God & Country: Everyday Religion

The Golden Rule--a fixture of all organized religions--is too often forgotten at music festivals.

Near the end of the music-biz bloom of the late '90s, goth-grunge performer Michael Knott, a contemporary-Christian music veteran, was asked at the seminal and sprawling Cornerstone Festival how he felt people should behave in the music business. The interviewer was aware that the artist and businessman had suffered much label exploitation, received finger-pointing abuse from conservative audiences, and endured spoiled relations with fellow creative egos out of control due to success (or lack of same). Knott's response was historically noteworthy; he wearily, exasperatedly offered, "Be nice to each other?"

It's no coincidence that this sentiment was uttered at a music festival. Festivals are great places to share the joy of music with fellow fans ("believers") and show your love of music and each other. That means you're sharing a belief in something bigger and more wonderful than you alone, and being connected to others should improve what goes on from you and around you, not frustrate or sour the experience for anyone else. Ubiquitous rants against organized religion in the music press to the contrary, the basic tenets of formalized religion are generally meant to improve things. Being nice—aka the Golden Rule, treating others as you wish them to treat you—is in every honest religion and transforming system of belief. Communion—sharing music, drink, and food—should hone everyday experiences among others. And yet there's often bitter competition among bands for tiny amounts of the door at packed and sparsely attended shows; among people squeezing in to see shows (the defensive placement of the body in context of the spectacle); and sometimes even in the ways musicians and front-line workers see each other's roles in the music scene.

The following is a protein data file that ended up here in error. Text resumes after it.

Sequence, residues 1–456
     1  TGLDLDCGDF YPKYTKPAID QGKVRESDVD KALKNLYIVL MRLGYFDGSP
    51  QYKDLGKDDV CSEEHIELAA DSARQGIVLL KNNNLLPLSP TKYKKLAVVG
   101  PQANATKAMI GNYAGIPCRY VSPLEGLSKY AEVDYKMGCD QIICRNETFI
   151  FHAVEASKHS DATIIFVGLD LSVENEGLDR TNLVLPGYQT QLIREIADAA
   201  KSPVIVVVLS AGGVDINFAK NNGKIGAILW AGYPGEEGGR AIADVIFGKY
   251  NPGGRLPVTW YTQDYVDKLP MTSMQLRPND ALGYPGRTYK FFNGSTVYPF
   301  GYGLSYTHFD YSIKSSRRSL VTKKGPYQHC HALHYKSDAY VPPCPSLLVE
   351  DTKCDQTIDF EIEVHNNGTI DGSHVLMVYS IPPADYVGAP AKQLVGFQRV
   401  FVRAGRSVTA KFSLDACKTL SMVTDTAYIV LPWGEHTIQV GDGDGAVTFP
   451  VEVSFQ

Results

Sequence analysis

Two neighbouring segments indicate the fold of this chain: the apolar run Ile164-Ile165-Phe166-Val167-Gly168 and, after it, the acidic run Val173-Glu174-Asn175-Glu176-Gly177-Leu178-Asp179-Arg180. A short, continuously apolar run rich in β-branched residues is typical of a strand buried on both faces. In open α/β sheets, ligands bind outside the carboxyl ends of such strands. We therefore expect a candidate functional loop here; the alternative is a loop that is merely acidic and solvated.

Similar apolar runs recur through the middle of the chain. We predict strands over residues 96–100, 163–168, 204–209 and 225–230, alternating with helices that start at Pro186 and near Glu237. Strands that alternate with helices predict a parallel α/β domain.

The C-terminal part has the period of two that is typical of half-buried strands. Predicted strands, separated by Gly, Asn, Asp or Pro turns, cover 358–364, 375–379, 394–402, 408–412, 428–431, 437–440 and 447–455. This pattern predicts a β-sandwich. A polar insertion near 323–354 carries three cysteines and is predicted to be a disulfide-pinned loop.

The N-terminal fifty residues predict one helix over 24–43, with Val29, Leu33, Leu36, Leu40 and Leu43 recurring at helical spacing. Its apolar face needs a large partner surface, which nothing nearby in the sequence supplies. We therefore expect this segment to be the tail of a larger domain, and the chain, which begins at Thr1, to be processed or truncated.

"Just as easily as you can get an enormous charge out of being in a place with hundreds of like-minded folks who are all singing along to the same song, you can also totally suckle the energy from an event by sweating the little stuff, scuffling with someone about who was where first (or whatever the case may be), and sending forth that ripple effect of bad energy," says Matt Gervais of Seattle band Curtains for You (playing Reverb Festival on Saturday). "The second everyone starts being sweet to everyone else, you get that perfect concoction of shared experience through music and affirmation of humanity through selflessness and kindness."

We can still find many traces of organized religious "worship" in all sorts of popular music, even if we believe the music is strictly about rebellion. But those literal meanings behind lyrics or the origins of sounds are not as important as how people treat each other when listening to it and experiencing it together. The Golden Rule is too often neglected—especially at music festivals. And even by believers.


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